Q & A with Sr. Imelda Gaurwa, the first Tanzanian Grail Sister

Sr. Imelda Gaurwa, 76, was the first Tanzanian Grail Sister. She served as country superior and is now retired and lives in Moshi. (GSR photo / Melanie Lidman

Tanzania — Sr. Imelda Gaurwa was the first Tanzanian sister to join the international order of the Grail Sisters. She was the country superior for many years but has now retired in Moshi, Tanzania, where the Grail Sisters run a nursery school and a vocational school.The Grail Sisters, which internationally is an ecumenical lay organization for women, is under the jurisdiction of the Tanzania Catholic Association of Sisters locally. Gaurwa talked with GSR about the importance of empowering women and how that message has adapted to new realities in Tanzania, where there are 80 Grail Sisters across the country.

GSR: Tell me a little bit about the Grail Sisters.

Gaurwa: Grail is a movement for empowering women. It's a spiritual movement. We believe the spiritual part goes together with the whole human being. In order to be active in society, you need to be educated. We also want to educate our members so they can give their best in the church and society. When we were founded, the focus was on educating women and girls. Then we realized that sisters should be educated first so they can educate others. In order to give women power, you must educate them. Our founder, Jesuit Fr. Jacques Van Ginneken [1877-1945] from Holland, he was very ahead of his time. He started a few congregations. He started Grail because he wanted to educate the masses. The thought was that if he could educate a few women, he could get to the rest of the world. If we want to convert the world to Christianity, you need to have influential women.

Students in the tailoring program study in a math and accounting class at the Emy Gordon Vocational School in Moshi, Tanzania. (GSR photo / Melanie Lidman)

How did you become the first Tanzanian Grail Sister?

I met a woman in the Lake Region [northern Tanzania near Lake Victoria, one of the poorest parts of the country]. I was interested to know what she was doing. I did my formation with Grail Sisters in Uganda. At the Uganda formation house for Grail sisters, I didn't feel any loneliness. I learned a lot of Ugandan culture. Also, my tribe is very close to Uganda, so it wasn't so different.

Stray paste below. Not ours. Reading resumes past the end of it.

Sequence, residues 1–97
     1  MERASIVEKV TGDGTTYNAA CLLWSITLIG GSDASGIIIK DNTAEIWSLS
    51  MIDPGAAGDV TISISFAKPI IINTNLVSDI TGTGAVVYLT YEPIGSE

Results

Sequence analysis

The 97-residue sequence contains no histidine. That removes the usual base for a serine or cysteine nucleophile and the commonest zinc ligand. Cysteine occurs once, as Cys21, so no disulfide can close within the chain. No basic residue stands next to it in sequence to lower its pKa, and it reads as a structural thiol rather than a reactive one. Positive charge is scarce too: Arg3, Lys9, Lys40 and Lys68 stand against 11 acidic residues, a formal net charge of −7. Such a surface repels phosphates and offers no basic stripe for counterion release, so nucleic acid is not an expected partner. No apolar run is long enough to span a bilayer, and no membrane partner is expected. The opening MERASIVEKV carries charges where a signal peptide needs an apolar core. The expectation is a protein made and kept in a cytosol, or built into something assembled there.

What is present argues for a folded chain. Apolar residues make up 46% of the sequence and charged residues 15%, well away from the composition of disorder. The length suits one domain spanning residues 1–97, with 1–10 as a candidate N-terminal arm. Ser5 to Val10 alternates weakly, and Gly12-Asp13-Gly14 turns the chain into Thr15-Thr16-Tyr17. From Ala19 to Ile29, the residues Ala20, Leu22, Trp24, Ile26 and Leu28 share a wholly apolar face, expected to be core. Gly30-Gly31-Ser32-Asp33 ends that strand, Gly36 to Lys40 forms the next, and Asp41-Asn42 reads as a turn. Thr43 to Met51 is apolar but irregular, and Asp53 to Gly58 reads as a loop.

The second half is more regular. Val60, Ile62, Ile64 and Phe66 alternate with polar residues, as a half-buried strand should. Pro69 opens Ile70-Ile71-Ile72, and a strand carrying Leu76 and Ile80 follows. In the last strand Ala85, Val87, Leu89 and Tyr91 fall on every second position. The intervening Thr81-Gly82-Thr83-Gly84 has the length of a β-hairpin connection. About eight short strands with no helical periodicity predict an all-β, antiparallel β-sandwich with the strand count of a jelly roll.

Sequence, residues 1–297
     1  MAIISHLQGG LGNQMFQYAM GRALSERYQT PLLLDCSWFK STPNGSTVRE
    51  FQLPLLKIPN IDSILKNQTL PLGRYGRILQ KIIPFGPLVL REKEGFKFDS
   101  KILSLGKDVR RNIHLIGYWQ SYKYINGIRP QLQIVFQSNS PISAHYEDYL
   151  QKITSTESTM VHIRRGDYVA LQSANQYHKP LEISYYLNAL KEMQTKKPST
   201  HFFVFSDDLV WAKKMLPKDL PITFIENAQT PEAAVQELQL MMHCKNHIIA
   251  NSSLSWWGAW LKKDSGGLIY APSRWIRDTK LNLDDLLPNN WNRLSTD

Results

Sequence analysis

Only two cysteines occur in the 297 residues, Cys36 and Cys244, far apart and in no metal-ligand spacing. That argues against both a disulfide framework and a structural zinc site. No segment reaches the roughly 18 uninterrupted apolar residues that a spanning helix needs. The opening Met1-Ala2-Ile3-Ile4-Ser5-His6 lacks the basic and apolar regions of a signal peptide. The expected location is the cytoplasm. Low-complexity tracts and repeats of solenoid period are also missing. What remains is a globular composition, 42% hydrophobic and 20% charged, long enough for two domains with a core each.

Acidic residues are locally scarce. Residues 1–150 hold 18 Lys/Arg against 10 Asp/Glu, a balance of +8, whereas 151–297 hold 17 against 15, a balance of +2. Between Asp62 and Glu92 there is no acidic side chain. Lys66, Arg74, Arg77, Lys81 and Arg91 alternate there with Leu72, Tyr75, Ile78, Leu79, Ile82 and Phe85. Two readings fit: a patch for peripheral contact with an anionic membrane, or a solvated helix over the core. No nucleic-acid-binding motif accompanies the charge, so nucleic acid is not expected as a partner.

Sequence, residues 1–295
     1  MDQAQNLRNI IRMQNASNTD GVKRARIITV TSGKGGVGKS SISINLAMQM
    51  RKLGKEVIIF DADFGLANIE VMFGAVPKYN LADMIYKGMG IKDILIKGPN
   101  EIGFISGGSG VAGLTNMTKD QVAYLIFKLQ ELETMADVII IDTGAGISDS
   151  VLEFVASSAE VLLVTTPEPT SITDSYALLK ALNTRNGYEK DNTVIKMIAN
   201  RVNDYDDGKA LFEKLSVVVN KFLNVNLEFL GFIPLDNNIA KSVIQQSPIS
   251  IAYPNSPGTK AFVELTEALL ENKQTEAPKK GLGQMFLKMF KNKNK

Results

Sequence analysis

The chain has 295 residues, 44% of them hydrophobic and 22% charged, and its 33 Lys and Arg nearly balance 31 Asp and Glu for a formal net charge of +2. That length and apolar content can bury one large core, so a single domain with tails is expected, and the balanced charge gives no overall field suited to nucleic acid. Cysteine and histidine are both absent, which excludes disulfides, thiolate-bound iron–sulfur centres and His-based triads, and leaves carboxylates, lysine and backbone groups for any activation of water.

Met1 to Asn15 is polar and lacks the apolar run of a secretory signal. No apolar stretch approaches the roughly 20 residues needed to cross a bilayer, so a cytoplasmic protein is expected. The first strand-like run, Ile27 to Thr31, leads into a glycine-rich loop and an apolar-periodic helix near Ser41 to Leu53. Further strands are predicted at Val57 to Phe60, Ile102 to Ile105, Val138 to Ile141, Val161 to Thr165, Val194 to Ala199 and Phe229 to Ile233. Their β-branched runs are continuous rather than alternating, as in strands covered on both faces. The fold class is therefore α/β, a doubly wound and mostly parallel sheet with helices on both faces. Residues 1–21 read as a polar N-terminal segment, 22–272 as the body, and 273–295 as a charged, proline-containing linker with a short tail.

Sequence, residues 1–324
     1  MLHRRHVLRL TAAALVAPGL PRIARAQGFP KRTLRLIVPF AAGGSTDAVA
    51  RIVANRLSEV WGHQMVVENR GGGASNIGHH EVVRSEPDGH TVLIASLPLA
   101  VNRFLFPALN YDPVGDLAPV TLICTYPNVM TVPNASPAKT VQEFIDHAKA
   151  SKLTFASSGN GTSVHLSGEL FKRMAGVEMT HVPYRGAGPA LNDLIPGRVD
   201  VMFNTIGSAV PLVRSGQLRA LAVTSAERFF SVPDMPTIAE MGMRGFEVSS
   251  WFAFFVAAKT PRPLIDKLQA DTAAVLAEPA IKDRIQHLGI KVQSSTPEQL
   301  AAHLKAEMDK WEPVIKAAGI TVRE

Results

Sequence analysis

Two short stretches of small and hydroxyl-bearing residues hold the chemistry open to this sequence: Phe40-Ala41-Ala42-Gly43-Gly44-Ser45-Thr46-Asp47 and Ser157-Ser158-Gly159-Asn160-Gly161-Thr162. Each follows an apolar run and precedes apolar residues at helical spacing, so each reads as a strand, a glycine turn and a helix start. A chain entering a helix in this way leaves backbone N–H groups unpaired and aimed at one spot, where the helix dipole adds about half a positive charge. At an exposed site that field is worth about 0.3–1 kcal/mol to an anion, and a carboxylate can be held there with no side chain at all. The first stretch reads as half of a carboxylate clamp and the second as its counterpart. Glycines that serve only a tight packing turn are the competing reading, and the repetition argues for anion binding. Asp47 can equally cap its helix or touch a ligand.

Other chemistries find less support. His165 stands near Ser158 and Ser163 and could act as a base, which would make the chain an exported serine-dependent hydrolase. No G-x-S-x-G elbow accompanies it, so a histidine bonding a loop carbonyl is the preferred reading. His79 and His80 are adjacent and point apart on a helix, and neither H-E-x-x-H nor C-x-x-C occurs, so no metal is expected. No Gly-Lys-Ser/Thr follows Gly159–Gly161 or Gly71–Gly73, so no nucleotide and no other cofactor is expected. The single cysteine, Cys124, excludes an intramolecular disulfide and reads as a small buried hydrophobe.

In Uganda, I learned about working with women at a village level. The first time I did this was in the area around the formation center. The Gospel says to be like salt. A little pinch of salt flavors the whole dish, like we should flavor the whole world, starting at the local level. Their emphasis on educated women was the key element for me during my two years in Uganda.

Why is it important to have local sisters, not just missionary sisters from other countries?

Sisters can speak about transformation and changing the world. They can talk about the way a girl child should behave, the way a boy child should behave, the way boys and girls should behave together, the relationship of men and women, and the relationship of the family and upbringing. But an African child should not be raised like a European child. We all come from different cultures. And you will be off-point as an African if you train your child as a European child. That child will not have a strong foundation for the future. I think the Grail philosophy has taken root in all the cultures in different ways, Christian and not Christian.

What have the Grail Sisters done in Moshi?

When we arrived in Moshi in 1997, we really noticed the lack of education for girls who are "in between," those who can't continue in school because they have no fees or because they didn't pass the exams. The African mentality is to have big families, and they often can't afford to educate all their children. We started on two classrooms, one for youth and one for kindergarten. Then we started expanding. Now we have three classrooms for children and two for youth. We are growing slowly due to space and funds to pay the teachers.

The nursery school provides children with a head start to their education by giving them a structured environment during their early formative years. (GSR photo / Melanie Lidman)

Why does the Grail philosophy think it is so important to have educated sisters?

Grail women who are doing their work must be trained properly so they can take on the role of transforming the society. Today, you even have Grail women having meetings at the U.N.! So the message is spread: It's everyone's responsibility to transform the society, and that means everything, spiritually and socially. The importance is making women realize they have a task: They must change society to make it a better society. Women have realized that if we don't share and speak out, no one will do it for us. Grail women have really played a role to make the world a better place for everybody to live.

[Melanie Lidman is Middle East and Africa correspondent for Global Sisters Report based in Israel.]

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